homethe billthe standardsthe testdiscussiontesting our schools
homethe billthe standardsthe testdiscussion
in the classroom

In the course of making "Testing Our Schools," correspondent John Merrow and producer John Tulenko interviewed teachers and school administrators who are grappling with the realities of testing and its effects -- for better and worse -- on teaching and learning in the classroom. Here are excerpts from some of those interviews, with educators in Virginia and California, in March 2001.

The Mood Inside the Schools

Lola McDowell
Teaches kindergarten in Richmond, Va.

... This year has been the most stressful year for me and for my team, and I think for many teachers, because there has been so much pressure from on top, that you have to make sure that these children learn these SOLs [Standards of Learning], that they pass this test. And we're doing lesson plans, OK? Detailed lesson plans. We're making games, we're correcting all those papers that you see in my file. We're not only doing this during the day; ... we have to take work home. People forget that we have families and we have a life of our own. So on weekends, we're doing work. I'm up sometimes 'til 2 a.m. trying to do stuff that will help these children learn. ...

I am not against assessment. ... I am against the methods they are using to test our children. I am against the pressure and the stress that is put on us for getting children to master these SOLs at the same rate of speed when everyone knows that all children do not [learn] the same way or at the same rate. ...

Maybe you have a problem with the fact that your school is rated down at the bottom. ... There are four categories, you were in category four. ... Does it bother you, the public perception of the school?

... It bothers me because I think they need to come in and see what we are doing. They're on the outside looking in. ... They have not come over here to see what our children are doing. I'm proud of this school, I'm proud of our children. And when you look at where our children come from and where they started and where they've gone to from September, they have made progress. And that's one problem that I have. People don't look at where the children started from.

Mark Edwards
Superintendent of schools in Virginia's Henrico County.

What are the consequences [if a low-scoring school doesn't improve its test scores]?

Well, I think that it is absolutely imperative, ... [if] you look at [scores] over time, ... and if we're not achieving, then I think we have to have consequences, whether it's dismissing people, whether it's reassignment, or support and coaching that should occur along the way.

So you can imagine at some point -- not this year maybe, but at some point -- you can look at some data and say, "Merrow, you're not doing your job, you're out of here"?

Absolutely. To me, it's as simple as this. Use a principal [as an example]. If a principal has been in place in a school over a period of time and there have been resources available and support and nurturance, and all of the things to help someone be successful, after that period of time students are not learning, then we ought to give somebody else a chance and say, "Let's let somebody else try to lead this team."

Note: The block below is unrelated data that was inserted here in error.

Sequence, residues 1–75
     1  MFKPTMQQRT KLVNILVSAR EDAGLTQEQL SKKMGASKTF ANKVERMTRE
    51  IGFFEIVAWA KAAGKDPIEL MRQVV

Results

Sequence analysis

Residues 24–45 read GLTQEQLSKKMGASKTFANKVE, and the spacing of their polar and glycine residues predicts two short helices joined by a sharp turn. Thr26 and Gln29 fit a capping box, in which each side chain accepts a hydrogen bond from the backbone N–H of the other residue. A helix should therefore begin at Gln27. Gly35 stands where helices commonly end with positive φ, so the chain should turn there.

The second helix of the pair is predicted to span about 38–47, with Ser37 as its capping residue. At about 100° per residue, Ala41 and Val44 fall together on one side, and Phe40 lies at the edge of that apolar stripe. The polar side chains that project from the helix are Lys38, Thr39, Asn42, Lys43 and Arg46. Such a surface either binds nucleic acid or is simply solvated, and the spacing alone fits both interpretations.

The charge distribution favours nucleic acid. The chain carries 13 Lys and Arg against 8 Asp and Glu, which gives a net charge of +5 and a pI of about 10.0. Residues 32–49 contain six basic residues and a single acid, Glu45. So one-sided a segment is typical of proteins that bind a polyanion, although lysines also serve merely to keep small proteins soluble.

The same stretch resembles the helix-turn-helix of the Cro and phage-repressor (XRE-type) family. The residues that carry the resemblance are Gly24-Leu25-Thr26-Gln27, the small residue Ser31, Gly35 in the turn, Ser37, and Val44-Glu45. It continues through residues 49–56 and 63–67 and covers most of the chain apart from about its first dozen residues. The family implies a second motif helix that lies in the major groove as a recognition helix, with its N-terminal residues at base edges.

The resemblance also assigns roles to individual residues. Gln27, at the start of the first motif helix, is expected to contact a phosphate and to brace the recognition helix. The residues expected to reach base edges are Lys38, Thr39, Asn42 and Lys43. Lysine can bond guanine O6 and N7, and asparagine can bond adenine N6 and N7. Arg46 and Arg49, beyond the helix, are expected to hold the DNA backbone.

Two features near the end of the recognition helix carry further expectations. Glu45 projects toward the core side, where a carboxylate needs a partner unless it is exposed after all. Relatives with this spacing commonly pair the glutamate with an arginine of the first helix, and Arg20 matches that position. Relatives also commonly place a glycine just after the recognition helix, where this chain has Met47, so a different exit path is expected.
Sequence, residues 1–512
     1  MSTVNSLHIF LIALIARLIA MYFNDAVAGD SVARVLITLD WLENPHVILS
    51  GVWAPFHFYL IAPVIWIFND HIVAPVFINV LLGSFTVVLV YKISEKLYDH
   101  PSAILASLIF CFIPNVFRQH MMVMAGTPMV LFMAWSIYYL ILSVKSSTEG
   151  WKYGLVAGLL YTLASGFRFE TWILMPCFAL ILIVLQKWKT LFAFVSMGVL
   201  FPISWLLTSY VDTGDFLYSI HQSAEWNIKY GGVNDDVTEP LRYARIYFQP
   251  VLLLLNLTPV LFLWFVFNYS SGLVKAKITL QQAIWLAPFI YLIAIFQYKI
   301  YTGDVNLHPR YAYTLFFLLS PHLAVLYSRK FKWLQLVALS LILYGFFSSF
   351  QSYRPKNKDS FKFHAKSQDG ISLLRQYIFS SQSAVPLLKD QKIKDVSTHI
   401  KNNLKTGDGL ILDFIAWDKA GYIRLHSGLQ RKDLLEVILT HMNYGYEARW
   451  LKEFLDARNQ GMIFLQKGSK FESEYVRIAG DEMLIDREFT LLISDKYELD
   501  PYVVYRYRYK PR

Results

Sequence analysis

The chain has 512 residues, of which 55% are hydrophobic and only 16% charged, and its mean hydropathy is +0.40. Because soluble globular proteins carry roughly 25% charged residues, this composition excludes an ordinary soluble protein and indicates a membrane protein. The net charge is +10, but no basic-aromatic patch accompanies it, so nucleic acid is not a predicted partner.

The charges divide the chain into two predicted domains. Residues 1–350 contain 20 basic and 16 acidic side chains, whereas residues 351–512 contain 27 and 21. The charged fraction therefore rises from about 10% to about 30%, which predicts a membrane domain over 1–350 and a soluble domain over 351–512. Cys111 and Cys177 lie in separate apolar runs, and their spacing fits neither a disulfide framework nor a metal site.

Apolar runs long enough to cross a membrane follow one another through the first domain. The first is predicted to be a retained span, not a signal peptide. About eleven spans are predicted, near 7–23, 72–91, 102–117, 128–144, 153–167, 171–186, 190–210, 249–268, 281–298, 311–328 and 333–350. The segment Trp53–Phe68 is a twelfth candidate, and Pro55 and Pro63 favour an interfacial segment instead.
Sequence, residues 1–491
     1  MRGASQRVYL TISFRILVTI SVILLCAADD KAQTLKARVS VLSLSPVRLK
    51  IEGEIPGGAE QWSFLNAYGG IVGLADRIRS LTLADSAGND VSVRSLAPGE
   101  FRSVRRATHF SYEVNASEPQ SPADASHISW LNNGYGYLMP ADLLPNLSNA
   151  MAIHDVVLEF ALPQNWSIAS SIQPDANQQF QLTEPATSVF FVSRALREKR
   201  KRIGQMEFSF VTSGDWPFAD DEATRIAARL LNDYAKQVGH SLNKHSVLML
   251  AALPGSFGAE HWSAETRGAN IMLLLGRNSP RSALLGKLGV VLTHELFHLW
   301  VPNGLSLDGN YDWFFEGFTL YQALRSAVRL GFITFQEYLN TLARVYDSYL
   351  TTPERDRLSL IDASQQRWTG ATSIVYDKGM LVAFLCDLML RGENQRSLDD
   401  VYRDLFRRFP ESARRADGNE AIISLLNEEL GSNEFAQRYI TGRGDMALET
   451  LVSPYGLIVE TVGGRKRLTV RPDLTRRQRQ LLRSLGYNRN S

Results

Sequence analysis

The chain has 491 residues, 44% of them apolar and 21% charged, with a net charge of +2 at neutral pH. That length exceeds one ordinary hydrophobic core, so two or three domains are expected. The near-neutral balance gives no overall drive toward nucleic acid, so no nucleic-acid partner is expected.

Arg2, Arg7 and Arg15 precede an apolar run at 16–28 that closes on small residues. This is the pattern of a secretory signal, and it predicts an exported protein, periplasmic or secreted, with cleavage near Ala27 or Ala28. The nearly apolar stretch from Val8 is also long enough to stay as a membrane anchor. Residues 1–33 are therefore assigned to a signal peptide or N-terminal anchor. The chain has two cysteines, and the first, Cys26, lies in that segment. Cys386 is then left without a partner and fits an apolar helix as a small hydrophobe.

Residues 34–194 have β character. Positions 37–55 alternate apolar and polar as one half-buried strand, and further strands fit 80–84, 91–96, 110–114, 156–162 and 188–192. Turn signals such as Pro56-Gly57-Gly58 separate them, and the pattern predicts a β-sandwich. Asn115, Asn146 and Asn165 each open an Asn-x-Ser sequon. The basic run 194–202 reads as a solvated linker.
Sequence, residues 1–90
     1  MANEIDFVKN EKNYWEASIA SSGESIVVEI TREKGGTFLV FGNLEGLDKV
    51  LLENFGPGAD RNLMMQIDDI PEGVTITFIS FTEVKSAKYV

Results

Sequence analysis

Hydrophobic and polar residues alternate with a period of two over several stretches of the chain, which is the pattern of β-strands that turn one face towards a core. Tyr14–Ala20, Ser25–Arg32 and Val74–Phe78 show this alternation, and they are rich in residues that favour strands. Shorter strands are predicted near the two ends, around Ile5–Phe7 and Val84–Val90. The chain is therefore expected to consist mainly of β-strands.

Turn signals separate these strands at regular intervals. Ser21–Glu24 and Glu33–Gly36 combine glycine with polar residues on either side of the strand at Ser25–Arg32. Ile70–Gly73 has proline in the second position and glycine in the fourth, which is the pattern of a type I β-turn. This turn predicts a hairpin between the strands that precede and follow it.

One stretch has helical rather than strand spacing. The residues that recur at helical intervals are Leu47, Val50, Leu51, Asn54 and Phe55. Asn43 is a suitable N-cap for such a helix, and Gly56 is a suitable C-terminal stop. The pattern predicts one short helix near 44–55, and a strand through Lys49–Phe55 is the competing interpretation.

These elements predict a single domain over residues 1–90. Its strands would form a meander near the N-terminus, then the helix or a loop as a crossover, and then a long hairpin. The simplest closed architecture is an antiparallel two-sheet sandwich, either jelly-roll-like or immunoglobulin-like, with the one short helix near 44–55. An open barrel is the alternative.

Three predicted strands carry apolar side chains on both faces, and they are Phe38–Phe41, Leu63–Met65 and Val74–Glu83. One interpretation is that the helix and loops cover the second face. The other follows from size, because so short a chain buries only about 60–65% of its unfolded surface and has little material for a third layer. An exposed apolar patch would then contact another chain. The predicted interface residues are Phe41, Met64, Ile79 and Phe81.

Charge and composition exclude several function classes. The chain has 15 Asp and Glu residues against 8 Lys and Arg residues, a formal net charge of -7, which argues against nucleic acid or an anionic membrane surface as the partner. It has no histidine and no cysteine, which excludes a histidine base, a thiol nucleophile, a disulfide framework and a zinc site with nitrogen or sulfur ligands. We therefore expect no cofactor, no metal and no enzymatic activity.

What's the period of time?

I think a 3 to 5-year time frame is reasonable. I think that's enough time in terms of a principal to build a culture, to make the connections, to support the faculty's learning and development. I think we need to do everything possible to support that process. But after a period of time, we need to ask the question, "Is the job getting done?"

And have you said this to your principals?

Yes, I have said that.

And what do they say?

Well, there are different reactions. ... I think there is an acknowledgement that we have to embrace accountability. If the public tax dollars are paying our salaries and providing the resources, we need to understand that there should be a result. And so I try to do it in a positive sense and a sense of support, but absolutely with a clear message that we must be accountable in terms of students' achievement. ...

Kaye Thomas
Principal of Baker Elementary in Richmond, Va.

Now you're the boss, and you want scores to go up. ... Do you feel pressure?

Pressure on myself. I've always put pressure on myself to do the very best I can. I think that we're looking at children's lives and children's learning and I think that's a very critical thing to have in your hands.

But what about your own job security? You think about that?

You think about it every day. I want to do the very best that I can do. ... We have such support that it's not a daily threat or a yearly threat. ...

You said [your school was so close to passing the test that] you can taste it. And you described it in terms of competition. It really is intensely competitive. One of your teachers has a football huddle every morning and carries a penalty flag--

That's right. We just think those things motivate the children. We don't have the children compete with each other. ... As far as we're concerned, it is a little bit of a competition because we want to be the first at-risk school, or challenge school, that passes. We want to be the first school with 50 percent or greater at-risk population to pass the state SOLs. ...

I want to reach full accreditation more than anything I want in the world. One of the teachers said the other day, "Kaye, if I offered you a million dollars or full accreditation, which one would you take?" And I said, "Full accreditation." And I truly mean that, because of the ramifications that it would have for the children, for the parents, for the teachers, for the community. And also just for the whole state. If Baker can do it, then everybody can do it.